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This article was published on October 6, 2015

    Saved once by Indiegogo, this company is now crowdsourcing a new game

    Saved once by Indiegogo, this company is now crowdsourcing a new game
    Lauren Hockenson
    Story by

    Lauren Hockenson

    Reporter

    Lauren is a reporter for The Next Web, based in San Francisco. She covers the key players that make the tech ecosystem what it is right now. Lauren is a reporter for The Next Web, based in San Francisco. She covers the key players that make the tech ecosystem what it is right now. She also has a folder full of dog GIFs and uses them liberally on Twitter at @lhockenson.

    Just a couple years ago, Lab Zero was in trouble. After creating a well-received fighting video game called ‘Skullgirls,’ the developers were bled dry by the legal troubles of the game’s publisher, Autumn Games. Unwilling to let the property die, the developers raised a wildly successful Indiegogo campaign that not only revitalized the title, but nearly doubled the content of the game over the last few years.

    Now, the company is back on the crowdfunding site to bring its sophomore effort to market. Called ‘Indivisible,’ Lab Zero is seeking $1.5 million over the next 40 days to make the game a reality.

    Indivisible2

    It’s a lot of money, but the company is doing a lot to prove that it’s worth paying for. Right now, Windows users can access a fully-working half-hour prototype of the game — which has the classic exploration of the Metroidvania genre along with the real-time fight mechanics from classic RPG ‘Chrono Trigger’ and Japanese Playstation game ‘Valkyrie Profile’ — with a Linux and Mac version to follow.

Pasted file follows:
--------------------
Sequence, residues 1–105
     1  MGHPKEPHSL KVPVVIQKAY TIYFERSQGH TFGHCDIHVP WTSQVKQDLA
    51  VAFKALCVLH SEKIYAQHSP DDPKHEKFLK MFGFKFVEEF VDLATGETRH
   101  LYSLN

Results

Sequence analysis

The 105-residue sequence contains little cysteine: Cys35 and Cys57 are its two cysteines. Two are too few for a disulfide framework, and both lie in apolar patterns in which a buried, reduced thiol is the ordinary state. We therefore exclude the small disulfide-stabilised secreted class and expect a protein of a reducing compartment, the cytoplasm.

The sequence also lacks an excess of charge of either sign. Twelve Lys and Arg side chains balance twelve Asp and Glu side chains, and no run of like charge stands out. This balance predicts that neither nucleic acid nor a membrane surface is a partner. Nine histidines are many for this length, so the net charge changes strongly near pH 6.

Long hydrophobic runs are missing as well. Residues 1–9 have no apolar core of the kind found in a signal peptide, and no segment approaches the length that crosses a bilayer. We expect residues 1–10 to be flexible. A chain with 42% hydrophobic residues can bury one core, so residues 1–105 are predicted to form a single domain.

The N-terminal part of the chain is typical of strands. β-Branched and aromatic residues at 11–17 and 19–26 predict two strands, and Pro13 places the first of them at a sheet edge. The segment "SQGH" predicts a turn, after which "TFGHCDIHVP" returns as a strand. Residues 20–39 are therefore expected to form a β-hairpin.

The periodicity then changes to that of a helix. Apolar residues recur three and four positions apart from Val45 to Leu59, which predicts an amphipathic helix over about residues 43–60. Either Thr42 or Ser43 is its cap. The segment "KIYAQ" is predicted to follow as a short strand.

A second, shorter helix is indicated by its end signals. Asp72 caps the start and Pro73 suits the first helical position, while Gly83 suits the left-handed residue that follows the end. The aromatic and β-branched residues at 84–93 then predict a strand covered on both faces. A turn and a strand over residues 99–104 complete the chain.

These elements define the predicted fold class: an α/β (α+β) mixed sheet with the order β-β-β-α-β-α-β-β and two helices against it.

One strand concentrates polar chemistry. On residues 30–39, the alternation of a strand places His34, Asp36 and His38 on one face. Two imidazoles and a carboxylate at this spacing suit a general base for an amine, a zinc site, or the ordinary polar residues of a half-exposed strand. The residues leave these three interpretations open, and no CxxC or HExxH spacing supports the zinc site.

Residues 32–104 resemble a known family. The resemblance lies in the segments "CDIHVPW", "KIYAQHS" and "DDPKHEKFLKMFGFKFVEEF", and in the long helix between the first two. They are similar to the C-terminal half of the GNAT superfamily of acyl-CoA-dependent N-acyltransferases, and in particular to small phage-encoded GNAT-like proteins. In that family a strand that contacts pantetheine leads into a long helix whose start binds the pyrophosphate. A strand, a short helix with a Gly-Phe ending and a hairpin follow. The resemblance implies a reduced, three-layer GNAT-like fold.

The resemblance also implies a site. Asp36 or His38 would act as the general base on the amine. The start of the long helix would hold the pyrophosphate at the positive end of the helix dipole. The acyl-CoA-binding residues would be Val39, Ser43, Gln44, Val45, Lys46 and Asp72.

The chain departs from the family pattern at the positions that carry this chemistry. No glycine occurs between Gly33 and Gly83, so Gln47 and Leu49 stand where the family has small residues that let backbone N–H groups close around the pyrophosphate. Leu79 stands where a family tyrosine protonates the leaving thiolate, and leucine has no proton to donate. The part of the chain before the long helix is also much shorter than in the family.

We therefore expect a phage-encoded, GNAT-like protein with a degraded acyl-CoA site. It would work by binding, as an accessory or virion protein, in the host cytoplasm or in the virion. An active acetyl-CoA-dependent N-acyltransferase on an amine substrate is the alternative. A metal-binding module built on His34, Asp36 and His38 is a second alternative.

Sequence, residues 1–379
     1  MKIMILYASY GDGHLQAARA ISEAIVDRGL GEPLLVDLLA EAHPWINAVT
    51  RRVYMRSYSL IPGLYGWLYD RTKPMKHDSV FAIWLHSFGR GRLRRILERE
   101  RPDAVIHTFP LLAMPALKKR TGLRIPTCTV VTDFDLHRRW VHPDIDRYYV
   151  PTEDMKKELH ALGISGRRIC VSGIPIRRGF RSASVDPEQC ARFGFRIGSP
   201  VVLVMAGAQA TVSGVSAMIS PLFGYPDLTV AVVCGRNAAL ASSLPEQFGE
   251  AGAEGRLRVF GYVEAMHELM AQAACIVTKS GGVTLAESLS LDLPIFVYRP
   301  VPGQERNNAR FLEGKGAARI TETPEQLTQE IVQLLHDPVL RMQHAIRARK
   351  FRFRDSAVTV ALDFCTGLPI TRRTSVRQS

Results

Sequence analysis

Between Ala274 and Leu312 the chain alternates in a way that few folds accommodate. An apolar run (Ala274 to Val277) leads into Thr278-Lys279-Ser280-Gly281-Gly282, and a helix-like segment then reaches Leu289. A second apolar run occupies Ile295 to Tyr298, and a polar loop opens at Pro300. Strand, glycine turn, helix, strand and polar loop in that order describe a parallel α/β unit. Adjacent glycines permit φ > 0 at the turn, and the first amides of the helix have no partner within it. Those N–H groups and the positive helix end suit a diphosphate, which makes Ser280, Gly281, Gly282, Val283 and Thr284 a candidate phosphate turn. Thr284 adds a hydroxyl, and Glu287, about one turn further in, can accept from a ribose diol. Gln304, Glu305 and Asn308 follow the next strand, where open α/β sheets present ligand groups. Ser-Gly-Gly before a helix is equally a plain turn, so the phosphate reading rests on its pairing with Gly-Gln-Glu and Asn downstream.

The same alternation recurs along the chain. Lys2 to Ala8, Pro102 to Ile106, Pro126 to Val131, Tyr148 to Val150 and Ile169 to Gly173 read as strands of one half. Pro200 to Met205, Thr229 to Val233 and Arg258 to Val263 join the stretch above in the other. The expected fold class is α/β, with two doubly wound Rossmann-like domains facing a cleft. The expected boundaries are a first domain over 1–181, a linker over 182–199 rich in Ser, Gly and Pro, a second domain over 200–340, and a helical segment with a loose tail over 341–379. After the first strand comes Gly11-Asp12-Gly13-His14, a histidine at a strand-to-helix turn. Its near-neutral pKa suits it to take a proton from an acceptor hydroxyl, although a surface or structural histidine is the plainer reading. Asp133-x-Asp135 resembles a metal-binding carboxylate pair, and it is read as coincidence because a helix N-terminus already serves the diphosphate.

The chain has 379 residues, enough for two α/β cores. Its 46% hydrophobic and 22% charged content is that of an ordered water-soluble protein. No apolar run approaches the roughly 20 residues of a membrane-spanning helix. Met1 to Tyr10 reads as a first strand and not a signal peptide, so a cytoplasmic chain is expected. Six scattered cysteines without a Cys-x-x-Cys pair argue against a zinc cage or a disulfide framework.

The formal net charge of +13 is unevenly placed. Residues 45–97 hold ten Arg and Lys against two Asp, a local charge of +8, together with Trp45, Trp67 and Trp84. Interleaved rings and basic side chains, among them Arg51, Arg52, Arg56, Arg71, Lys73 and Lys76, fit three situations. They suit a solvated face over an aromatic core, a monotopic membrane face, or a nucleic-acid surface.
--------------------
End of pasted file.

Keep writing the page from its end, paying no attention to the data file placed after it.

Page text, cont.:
Indivisible3

    The game builds off of the developers’ own “Z Engine,” which was the fighting engine built specifically for ‘Skullgirls’

    Check out the game’s campaign video below:

    Lab Zero has been teasing the game for its fans for the past few months, as the company documented the short development of the prototype. However, if the company does not reach its fixed $1.5 million goal, the company did say that it would be scrapped:

    Indivisible will not happen if we don’t hit our goal. But should the campaign succeed, Lab Zero will have a better outcome than we would’ve gotten through a more traditional publishing deal – that’s the risk we took, and we feel it’s a worthwhile tradeoff.

    The success of crowdfunding a game relies a lot on nostalgia — just take a look at the $3 million raised for ‘Mighty No. 9.’ But it doesn’t equal success or even met expectations: the aforementioned ‘Mega Man’ inspired game was supposed to come out this year, but instead was pushed back to 2016.

    It’s clear that Lab Zero isn’t trying to play specifically upon a beloved idea or trope, and that’s both a good and a bad thing depending on how you believe the psychology of crowdfunding works. But what it does have that rarely any game companies do is experience with delivering on its crowdfunding process as well as a working model of the game for anyone to download.

    It’s a longshot, but it’s promising.

    Indivisible: An RPG by Lab Zero and 505 Games [Indiegogo]